Beyond the crisis some see in documentary distribution, there are bigger challenges facing the film business today. “There is a big cloud over the heads of the industry,” offered Emily Russo, “We are all confronted by the uncertainty of the business.” Asked to pinpoint the current challenges, Nancy Gerstman noted that she and Emily have been talking about the situation. “We had decided it’s really the amount of films that are being released every week. It totally overwhelms critics.” Not to mention the dwindling positions for paid critics, many of whom are forced to fend for themselves. “It’s a mess, it really is,” she added, “Having so many films per week is a bit of a disaster.”

While platforms like the Internet have fostered a vast lanscape for criticism, new distribution platforms that may help the business are also emerging, but Gerstman and Russo are approaching the outlets cautiously. They are testing the waters and evaluating a number of options, taking their films to iTunes, while also exploring venues such as Netflix and the Tribeca Film Insitute‘s new Reframe site.

Reflecting on the cinema experience in the future, Russo noted, “I don’t see people not going to the movies anymore. People are always going to want to go the the movies — they will find many new ways to do it. Perhaps technology is going to be different in five years.” Continuing she added, “I do believe that the market for great films and great stories is going to remain and people will still want to participate in that as long as the film are being made that warrant that.”

“I agree that until all the theaters are turned into something else people are going to be going to the movies and they want that group experience,” Nancy Gerstman added, noting that over time, Zeitgeist will evolve just as everyone else does, but she cautioned that her company will not be, “at the front of that change.”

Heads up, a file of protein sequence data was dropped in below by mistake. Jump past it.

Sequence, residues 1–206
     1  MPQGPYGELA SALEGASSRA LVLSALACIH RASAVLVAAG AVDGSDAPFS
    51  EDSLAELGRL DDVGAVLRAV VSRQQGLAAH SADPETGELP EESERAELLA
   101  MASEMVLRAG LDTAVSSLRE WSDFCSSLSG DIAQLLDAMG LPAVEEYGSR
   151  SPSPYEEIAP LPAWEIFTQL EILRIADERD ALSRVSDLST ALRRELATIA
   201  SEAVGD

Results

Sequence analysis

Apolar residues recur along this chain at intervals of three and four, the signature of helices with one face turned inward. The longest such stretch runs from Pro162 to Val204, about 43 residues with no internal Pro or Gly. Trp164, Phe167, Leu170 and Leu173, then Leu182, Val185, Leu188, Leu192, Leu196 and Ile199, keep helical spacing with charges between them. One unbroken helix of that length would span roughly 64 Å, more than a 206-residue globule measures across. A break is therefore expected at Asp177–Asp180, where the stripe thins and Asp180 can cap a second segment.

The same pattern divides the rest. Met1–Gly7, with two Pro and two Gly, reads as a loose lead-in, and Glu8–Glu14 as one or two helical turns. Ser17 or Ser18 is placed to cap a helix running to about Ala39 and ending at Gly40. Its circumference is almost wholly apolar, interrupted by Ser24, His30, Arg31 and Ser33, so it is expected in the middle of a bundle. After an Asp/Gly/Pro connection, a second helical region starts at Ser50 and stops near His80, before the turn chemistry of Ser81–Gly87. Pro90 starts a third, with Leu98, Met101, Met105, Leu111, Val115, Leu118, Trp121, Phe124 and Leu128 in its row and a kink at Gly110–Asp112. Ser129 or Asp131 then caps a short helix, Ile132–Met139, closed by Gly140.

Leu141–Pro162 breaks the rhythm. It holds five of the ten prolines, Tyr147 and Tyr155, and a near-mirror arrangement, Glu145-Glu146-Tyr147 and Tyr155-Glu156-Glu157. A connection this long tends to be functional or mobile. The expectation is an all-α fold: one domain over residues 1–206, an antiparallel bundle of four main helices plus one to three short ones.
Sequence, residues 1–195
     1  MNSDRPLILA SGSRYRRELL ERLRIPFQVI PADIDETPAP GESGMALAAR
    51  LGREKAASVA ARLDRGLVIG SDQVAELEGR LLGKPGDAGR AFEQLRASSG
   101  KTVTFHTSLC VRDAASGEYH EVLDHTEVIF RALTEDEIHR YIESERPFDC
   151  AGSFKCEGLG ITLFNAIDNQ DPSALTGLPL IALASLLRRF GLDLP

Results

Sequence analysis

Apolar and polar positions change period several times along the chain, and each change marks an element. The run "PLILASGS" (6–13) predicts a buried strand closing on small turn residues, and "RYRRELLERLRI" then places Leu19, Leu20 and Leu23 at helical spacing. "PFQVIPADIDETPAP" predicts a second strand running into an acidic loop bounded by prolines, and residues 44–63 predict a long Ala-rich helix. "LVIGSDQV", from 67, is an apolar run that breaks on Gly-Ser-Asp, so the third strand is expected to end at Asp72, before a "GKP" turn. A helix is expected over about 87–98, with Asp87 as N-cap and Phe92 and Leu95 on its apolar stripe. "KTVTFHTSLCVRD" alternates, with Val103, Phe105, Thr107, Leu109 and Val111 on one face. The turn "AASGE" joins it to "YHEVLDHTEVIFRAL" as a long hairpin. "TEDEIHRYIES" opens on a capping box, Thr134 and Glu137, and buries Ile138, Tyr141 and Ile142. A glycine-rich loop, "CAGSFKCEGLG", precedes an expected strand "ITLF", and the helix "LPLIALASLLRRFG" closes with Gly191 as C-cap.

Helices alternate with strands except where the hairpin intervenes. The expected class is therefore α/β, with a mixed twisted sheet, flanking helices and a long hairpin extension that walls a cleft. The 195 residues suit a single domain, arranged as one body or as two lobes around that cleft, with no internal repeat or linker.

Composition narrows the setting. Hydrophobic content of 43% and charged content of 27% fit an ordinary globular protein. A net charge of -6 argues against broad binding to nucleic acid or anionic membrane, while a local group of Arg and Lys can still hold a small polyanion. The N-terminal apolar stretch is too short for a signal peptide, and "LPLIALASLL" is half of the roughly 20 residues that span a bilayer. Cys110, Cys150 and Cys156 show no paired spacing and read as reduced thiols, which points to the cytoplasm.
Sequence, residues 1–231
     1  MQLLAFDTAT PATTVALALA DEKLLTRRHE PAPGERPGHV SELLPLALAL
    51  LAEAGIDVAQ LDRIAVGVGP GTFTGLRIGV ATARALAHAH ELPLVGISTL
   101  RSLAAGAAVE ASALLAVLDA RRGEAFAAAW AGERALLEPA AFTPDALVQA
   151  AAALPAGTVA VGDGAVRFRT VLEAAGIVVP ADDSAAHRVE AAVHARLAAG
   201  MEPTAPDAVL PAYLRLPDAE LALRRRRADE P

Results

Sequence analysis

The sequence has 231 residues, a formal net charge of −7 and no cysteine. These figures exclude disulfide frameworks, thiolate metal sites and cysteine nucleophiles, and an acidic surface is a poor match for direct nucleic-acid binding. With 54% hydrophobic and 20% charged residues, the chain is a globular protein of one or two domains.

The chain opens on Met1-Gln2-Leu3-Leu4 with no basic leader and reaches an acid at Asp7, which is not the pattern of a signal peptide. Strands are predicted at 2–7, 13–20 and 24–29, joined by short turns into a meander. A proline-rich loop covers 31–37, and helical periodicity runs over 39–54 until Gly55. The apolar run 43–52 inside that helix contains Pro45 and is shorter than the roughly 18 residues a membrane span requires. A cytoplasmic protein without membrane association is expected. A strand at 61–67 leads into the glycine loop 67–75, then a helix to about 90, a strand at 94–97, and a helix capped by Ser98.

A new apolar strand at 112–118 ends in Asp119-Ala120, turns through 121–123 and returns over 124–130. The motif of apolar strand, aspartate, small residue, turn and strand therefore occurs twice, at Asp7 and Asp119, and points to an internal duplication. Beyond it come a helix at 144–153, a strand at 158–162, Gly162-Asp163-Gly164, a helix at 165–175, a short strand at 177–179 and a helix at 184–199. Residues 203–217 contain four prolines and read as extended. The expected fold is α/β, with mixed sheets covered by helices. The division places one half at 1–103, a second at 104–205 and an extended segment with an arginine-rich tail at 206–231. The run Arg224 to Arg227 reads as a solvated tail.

“In terms of the whole industry right now, it’s always good when you can be a lean and mean machine and I think Zeitgeist had maintained its leanness and meanness which has allowed us a little bit of stability,” Emily Russo offered, noting that it also takes, “A little bit of luck.”

“It’s not just that,” chimed in Gerstman, a few minutes later, “It’s luck that you make through hard work to some extent. We work very, very hard on projects and then we hope for lunch. It is important to have some good luck.”

“I think you have to be an optimist in this business,” Gerstman reflected, “You are one film away from success.” Russo concurred, “You always have to feel that way.”

The duo repeatedly discussed that being an optimist is crucial in stomaching the ups and downs of distribution and despite the current storm clouds, expressed confidence about the future. “There are great people still to discover and great films yet to see and people are enthusiastic filmgoers here.” Gerstman then reiterated her earlier assertion, “We never had a business place when we started, and we don’t have a business plan now.”

[Brian Brooks contributed to this article]